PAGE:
Business is the process of managing risk in pursuit of a goal. At every moment, you are risking company resources to create value. Too much risk and you could go broke; not enough risk and you will underperform. The goal is for your organization to take the right amount of risk.
But not just you in finance; everyone needs to take the right amount of risk, and that implies driving risk-based decision-making into all levels of activity in your organization. You can do this if you can overcome some of the common challenges that companies face when embarking on this journey.
The first challenge is ensuring management commitment and support of risk management programs. It’s quite common in today’s lean operating environment to slash the cost centers, or non-revenue producing departments, including risk management and other quality control functions. While cost cutting is inevitable, it’s critical to have senior management champion risk management as an asset for smart top-line growth while protecting the bottom line as well. Strong tone at the top is a key pillar for any successful risk management function.
One reaction to this trend is to push ownership of risk away from risk centers to the daily operators. To delve into jargon, there are usually three lines of defense in a risk management program:
- The daily operators who run the business
- Compliance groups who design the risk frameworks and applications
- The audit function that provides assurance that the framework is implemented.
The trend is to empower the first line to know, measure and report on risk instead of deferring that to the second line, which previously had responsibility for this work. This has the benefit of moving risk management to process owners without creating overhead costs.
The second most common challenge is tying risk management to a company’s overall strategic goals and objectives. According to the Committee of Sponsoring Organizations of the Treadway Commission (COSO)’s June 2016 proposed update to its ERM framework, aligning risk with strategy makes it easier to develop a risk program “fit for purpose,” or designed for the unique capabilities of your organization. For example, your employees need to clearly understand their roles in achieving goals and objectives so that they can act as the human firewall and monitor key risk metrics.
This can happen at multiple levels throughout the organization. At a strategic level, this may involve writing risk scenarios or creating stress tests to see how the forecast or liquidity might respond. At a tactical level, it might be about backups and redundancies for delivering products and services. Redundancy is expensive, so as financial analysts, we must remember that a strict cost-benefit analysis based on quantitative analysis may not capture the strategic benefit of risk mitigation adequately.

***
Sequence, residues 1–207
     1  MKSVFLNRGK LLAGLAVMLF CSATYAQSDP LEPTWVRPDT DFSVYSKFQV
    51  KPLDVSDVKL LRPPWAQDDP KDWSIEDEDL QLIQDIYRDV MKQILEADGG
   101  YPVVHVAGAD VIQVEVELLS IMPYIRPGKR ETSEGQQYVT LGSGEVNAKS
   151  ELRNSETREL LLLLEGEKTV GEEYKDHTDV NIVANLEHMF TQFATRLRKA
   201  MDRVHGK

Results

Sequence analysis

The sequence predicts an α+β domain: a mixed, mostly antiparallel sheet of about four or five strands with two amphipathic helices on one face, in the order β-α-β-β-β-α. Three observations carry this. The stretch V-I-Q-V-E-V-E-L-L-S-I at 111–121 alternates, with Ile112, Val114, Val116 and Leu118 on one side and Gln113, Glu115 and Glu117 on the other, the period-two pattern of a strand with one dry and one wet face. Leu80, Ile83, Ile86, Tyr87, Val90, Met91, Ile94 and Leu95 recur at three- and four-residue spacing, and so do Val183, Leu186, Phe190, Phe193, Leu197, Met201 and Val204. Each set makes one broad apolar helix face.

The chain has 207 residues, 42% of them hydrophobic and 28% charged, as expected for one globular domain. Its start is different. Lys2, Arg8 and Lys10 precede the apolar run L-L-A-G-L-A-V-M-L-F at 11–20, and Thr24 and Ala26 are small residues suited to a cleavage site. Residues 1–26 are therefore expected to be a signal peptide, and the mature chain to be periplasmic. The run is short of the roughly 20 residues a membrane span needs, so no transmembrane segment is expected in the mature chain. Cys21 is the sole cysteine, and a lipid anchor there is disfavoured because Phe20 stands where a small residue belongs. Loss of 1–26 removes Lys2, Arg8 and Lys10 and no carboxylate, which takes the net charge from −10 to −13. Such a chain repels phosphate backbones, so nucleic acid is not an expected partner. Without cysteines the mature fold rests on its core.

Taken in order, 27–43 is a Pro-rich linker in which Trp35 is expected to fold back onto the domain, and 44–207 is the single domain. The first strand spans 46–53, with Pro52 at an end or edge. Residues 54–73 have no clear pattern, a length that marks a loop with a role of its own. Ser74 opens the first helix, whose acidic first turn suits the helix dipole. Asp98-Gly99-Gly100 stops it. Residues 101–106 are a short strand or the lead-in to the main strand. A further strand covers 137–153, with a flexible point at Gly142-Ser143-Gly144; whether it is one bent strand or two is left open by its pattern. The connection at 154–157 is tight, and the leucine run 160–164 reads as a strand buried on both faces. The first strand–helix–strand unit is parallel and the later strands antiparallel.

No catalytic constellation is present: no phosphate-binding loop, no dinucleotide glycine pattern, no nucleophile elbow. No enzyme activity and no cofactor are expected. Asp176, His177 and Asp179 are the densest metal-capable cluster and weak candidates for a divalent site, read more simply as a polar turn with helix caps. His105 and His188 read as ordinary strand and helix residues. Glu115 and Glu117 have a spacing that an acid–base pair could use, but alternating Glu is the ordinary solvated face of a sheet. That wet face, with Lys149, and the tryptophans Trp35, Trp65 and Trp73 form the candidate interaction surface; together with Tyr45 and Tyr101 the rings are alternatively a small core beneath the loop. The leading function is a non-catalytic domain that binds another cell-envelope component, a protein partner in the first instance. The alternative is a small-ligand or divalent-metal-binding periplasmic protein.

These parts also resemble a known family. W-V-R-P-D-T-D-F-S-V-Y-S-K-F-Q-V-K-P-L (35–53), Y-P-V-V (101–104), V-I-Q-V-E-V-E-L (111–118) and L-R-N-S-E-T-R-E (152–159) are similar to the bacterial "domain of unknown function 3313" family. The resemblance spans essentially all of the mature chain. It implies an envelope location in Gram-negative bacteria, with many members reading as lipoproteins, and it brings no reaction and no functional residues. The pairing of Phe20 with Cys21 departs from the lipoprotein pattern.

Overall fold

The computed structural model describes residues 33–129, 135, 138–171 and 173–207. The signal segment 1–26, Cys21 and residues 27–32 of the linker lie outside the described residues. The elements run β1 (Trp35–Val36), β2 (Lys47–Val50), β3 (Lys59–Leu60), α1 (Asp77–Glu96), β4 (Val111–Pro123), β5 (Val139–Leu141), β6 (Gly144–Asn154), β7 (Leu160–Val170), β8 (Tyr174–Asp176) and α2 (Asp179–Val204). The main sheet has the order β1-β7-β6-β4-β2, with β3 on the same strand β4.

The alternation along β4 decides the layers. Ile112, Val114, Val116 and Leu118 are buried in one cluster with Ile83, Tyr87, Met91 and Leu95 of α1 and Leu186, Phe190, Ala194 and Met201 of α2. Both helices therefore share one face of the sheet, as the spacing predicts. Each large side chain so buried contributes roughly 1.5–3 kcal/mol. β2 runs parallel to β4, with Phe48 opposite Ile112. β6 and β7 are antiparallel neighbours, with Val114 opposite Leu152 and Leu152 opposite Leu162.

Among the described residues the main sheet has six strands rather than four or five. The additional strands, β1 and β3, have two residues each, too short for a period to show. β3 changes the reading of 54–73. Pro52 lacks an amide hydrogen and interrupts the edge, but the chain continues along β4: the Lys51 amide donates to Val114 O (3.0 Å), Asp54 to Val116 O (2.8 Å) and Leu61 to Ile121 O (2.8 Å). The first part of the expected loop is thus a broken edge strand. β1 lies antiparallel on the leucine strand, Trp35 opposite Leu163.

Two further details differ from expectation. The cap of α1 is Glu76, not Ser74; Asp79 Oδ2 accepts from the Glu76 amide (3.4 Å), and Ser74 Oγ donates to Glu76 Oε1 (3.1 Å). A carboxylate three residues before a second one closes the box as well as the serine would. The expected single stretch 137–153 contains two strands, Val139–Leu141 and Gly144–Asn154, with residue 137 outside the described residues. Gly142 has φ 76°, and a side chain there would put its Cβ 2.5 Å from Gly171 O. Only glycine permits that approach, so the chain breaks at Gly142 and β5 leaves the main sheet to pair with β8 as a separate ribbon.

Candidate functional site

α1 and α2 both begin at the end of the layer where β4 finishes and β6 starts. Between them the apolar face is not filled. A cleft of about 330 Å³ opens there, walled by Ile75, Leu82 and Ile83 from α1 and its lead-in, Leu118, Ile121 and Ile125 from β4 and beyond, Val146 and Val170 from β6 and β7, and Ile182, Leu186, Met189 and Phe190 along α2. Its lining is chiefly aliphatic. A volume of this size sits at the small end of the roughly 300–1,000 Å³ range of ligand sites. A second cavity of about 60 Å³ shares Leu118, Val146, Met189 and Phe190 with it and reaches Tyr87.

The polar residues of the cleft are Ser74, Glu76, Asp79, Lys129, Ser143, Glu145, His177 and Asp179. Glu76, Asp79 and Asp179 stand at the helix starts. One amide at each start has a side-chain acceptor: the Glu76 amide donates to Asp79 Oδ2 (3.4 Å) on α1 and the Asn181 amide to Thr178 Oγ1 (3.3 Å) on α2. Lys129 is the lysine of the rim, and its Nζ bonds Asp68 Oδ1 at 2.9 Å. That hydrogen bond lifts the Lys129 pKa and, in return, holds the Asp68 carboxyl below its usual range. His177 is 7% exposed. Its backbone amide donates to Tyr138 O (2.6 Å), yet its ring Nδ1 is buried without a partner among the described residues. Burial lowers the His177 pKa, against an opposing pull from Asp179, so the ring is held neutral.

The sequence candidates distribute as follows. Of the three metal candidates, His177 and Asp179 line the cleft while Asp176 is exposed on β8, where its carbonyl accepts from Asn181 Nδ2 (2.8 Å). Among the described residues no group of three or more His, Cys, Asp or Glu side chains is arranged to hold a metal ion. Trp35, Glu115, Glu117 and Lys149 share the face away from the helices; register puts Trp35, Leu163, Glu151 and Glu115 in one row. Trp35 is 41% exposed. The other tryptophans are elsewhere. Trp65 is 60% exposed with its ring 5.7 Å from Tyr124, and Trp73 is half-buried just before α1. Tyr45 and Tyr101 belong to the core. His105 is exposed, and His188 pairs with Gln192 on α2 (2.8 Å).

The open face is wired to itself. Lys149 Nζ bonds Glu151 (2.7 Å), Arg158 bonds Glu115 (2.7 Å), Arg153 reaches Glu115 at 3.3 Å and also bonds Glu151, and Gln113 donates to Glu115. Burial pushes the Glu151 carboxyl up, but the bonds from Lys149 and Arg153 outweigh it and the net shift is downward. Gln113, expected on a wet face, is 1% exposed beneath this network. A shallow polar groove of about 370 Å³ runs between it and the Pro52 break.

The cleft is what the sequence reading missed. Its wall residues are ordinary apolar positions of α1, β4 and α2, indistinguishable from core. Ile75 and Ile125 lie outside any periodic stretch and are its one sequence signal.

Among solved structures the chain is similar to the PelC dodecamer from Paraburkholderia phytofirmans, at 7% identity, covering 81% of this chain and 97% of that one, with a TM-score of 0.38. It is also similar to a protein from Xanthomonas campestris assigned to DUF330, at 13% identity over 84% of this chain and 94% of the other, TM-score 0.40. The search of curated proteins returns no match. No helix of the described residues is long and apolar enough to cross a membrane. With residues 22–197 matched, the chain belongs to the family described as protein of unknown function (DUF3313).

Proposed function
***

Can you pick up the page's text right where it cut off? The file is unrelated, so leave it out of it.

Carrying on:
The third challenge companies face is implementing risk management standards that create a repeatable and sustainable process. Simply put, understanding one’s risk profile or risk appetite allows business leaders and line management to make consistent risk-based decisions in pursuit of value.
It is extremely hard to create your own risk methodology, especially since effective implementation requires a standard taxonomy for the business. Fortunately, a variety of frameworks exist to create value through risk management. It is helpful to have a unified view of risk management through a framework such as COSO or ISO 31000 that will help to define a company’s risk appetite and link risks to goals. This ties in with FP&A’s need to align finance, strategy and capital.
The fourth and final challenge is to consistently evaluate current risk programs to ensure they are continuously improving and that the risk standards they are implementing are still relevant to the risk they are looking to manage or mitigate. Risk management is an ongoing exercise that offers the opportunity for analysis and improvement over time.
This is the corollary to having a standard framework in place—it now becomes possible to measure and report through defined channels. This fits in with FP&A’s mandate of performance measurement and management reporting. Organizations can capture data on key risk indicators and specific incidents and review them at the operational level or in risk review committees. There are many software solutions that allow for the measurement, tracking and reporting of risk. FP&A needs to keep track of key risks in order to alert management and prepare a flexible response.
You can build a risk-based culture by driving risk thinking into the daily actions of your company. Building a risk-based capability requires ownership by your people at the front lines of operations; processes and standards designed to link risks to strategy in daily operations, and technology can be deployed to support risk decisions and monitoring.